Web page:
Then there was the time I finished a contract as normal, then got a call back like six months later where they asked for some emergency help. Normally I would not do that because it is too much of a pain going through all the steps to get access if they basically have only two days work for me, but they were desperate and offered such a massive sum I couldn't say no. I told them I'd be ready to go once they had my access set up, only to be told "oh we never suspended your account, we'll overnight you the smart card and you can start tomorrow" but fortunately I still had their smart card floating around my laptop bag so I was able to verify I could login before getting off the phone! I saved that smart card for another couple years before tossing it, figuring that maybe they'd come up with another emergency need for my help, but no such luck.

  5. Pascal Monett Silver badge
    FAIL

    "Brody worked as a cloud engineer for First Republic Bank"

    And he'll have the rest of his life to reminisce fondly about that while flipping burgers.

    No pity. You get fired, you go. You don't touch your former employers' network or anything else. You want revenge ? Tell everyone you know that you unfairly dismissed - whether it is true or not.

    Now, the only thing everyone knows is that he watches porn on the job and abuses his knowledge to wreak havoc when being caught.

    He'll never work in a bank again, that's for sure, and there's a good change he'll never be in an IT position ever again.

    And he doesn't deserve to be. Not for a long time.

    1. Doctor Syntax Silver badge

      Re: "Brody worked as a cloud engineer for First Republic Bank"

      "Now, the only thing everyone knows is that he watches porn on the job and abuses his knowledge to wreak havoc when being caught."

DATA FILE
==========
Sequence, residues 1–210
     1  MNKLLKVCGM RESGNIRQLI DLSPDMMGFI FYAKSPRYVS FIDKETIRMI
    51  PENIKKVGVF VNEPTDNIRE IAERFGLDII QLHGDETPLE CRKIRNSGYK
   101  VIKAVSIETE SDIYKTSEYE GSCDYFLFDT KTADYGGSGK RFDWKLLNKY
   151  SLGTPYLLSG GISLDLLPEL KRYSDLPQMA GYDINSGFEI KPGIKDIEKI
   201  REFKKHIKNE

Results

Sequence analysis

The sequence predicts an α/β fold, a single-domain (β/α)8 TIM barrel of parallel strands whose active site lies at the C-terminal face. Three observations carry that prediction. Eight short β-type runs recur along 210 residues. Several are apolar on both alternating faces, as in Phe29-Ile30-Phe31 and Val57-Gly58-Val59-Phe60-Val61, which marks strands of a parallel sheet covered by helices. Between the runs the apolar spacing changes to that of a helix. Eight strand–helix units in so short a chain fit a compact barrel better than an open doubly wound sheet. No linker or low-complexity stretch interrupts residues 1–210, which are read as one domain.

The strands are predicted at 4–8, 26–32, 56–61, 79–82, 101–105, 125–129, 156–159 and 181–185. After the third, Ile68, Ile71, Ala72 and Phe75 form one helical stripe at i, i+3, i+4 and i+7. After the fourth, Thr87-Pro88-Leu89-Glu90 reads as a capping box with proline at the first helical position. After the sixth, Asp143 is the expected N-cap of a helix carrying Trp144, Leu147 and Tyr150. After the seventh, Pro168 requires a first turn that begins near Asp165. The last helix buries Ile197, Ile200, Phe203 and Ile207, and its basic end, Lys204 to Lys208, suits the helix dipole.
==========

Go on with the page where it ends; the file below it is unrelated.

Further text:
Also FRB customers know their bank fires somebody who does that and doesn't get round to revoking their access for a few hours.

    2. CrazyOldCatMan Silver badge

      Re: "Brody worked as a cloud engineer for First Republic Bank"

      He'll never work in a bank again, that's for sure, and there's a good change he'll never be in an IT position ever again

      Many, many years ago, in the days when RAM/HD prices were in the extortionate range, we noticed that were were missing some RAM clips and several hard drives. The management were pretty sure that they knew what was happening (unusually for that place) and so bought replacements and marked them (and the rest of the stock) with Smartwater.

      Sure enough, a few more things go missing and the police are directed to search the suspected contractors houses. Oh look - there's some RAM clips and hard drives with smartwater on them - matching the stuff that we'd used.

      Said contractors get taken to court and end up with a criminal record (though no time in jail for a first offense). The sad thing was that neither of then would be likely to get a contract again - and they were both very well paid contractors. The ringleader was utterly unrepentant (he was doing other fiddles like claiming VAT using a made up number and living in a council house because his visible earnings made it look like he was on the poverty line) but the other guy is the one I feel sorry for.

      The money they must have made would have been barely a weeks wages for them.

      1. PRR Silver badge

        Re: "Brody worked as a cloud engineer for First Republic Bank"

        > hard drives with smartwater on them

        ??? The drink of Jennifer Aniston?

        Ahhh.... a traceable liquid "containing a code. ...can be seen under ultraviolet light."

  6. Bebu Silver badge
    Windows

    Cloud engineer?

    This dismal history provoked the gray cells to ask wtf is a cloud engineer? Previously I assumed they were some sort of Cisco-y networking type but Prof Duck von Duck tells me can be just about anything from systems analyst roles through to software engineering and even system administration roles.

    So something for every sort of imbecile it appears. Cloud think Aristophanes' Birds and pretty much on the money.

    I was wondering why a network engineer was stomping, boots and all, over github repos and stealing code he had written. In my experience most NEs have trouble composing a simple sentence without any need to contemplate their programming skills.

    Strikes me if someone who was responsible for these irrational misdeeds had formally trained as an engineer (of any sort) or as an IT professional he wouldn't end up in a penitentiary but being clearly sectionable would be sent directly to the nearest loony bin.